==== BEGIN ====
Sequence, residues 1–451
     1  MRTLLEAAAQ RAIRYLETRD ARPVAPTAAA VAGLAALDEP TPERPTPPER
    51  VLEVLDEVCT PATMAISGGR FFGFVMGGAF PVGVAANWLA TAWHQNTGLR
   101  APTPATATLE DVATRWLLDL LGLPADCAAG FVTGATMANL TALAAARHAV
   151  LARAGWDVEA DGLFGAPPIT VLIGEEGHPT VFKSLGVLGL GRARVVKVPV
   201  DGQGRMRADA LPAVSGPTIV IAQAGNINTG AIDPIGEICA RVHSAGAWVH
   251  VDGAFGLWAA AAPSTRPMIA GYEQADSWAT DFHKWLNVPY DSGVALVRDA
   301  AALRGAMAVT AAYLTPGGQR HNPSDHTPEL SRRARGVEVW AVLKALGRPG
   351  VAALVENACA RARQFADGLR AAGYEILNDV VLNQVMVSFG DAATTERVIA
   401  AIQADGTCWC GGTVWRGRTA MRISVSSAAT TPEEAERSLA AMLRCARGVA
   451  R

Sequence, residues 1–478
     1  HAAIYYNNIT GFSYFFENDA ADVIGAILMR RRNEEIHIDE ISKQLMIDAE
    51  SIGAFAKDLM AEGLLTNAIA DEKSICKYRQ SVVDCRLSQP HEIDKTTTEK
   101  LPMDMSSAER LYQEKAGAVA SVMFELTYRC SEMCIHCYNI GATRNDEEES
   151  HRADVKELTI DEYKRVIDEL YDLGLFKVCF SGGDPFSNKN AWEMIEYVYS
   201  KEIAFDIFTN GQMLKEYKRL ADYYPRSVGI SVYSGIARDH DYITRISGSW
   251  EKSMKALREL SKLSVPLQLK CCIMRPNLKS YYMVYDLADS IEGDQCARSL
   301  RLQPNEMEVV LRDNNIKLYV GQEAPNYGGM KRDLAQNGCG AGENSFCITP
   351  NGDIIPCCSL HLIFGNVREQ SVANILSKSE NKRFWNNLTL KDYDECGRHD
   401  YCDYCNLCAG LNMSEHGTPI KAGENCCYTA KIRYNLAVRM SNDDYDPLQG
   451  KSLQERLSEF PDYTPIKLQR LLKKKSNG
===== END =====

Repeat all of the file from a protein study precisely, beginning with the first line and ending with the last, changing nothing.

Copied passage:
Sequence, residues 1–451
     1  MRTLLEAAAQ RAIRYLETRD ARPVAPTAAA VAGLAALDEP TPERPTPPER
    51  VLEVLDEVCT PATMAISGGR FFGFVMGGAF PVGVAANWLA TAWHQNTGLR
   101  APTPATATLE DVATRWLLDL LGLPADCAAG FVTGATMANL TALAAARHAV
   151  LARAGWDVEA DGLFGAPPIT VLIGEEGHPT VFKSLGVLGL GRARVVKVPV
   201  DGQGRMRADA LPAVSGPTIV IAQAGNINTG AIDPIGEICA RVHSAGAWVH
   251  VDGAFGLWAA AAPSTRPMIA GYEQADSWAT DFHKWLNVPY DSGVALVRDA
   301  AALRGAMAVT AAYLTPGGQR HNPSDHTPEL SRRARGVEVW AVLKALGRPG
   351  VAALVENACA RARQFADGLR AAGYEILNDV VLNQVMVSFG DAATTERVIA
   401  AIQADGTCWC GGTVWRGRTA MRISVSSAAT TPEEAERSLA AMLRCARGVA
   451  R

Sequence, residues 1–478
     1  HAAIYYNNIT GFSYFFENDA ADVIGAILMR RRNEEIHIDE ISKQLMIDAE
    51  SIGAFAKDLM AEGLLTNAIA DEKSICKYRQ SVVDCRLSQP HEIDKTTTEK
   101  LPMDMSSAER LYQEKAGAVA SVMFELTYRC SEMCIHCYNI GATRNDEEES
   151  HRADVKELTI DEYKRVIDEL YDLGLFKVCF SGGDPFSNKN AWEMIEYVYS
   201  KEIAFDIFTN GQMLKEYKRL ADYYPRSVGI SVYSGIARDH DYITRISGSW
   251  EKSMKALREL SKLSVPLQLK CCIMRPNLKS YYMVYDLADS IEGDQCARSL
   301  RLQPNEMEVV LRDNNIKLYV GQEAPNYGGM KRDLAQNGCG AGENSFCITP
   351  NGDIIPCCSL HLIFGNVREQ SVANILSKSE NKRFWNNLTL KDYDECGRHD
   401  YCDYCNLCAG LNMSEHGTPI KAGENCCYTA KIRYNLAVRM SNDDYDPLQG
   451  KSLQERLSEF PDYTPIKLQR LLKKKSNG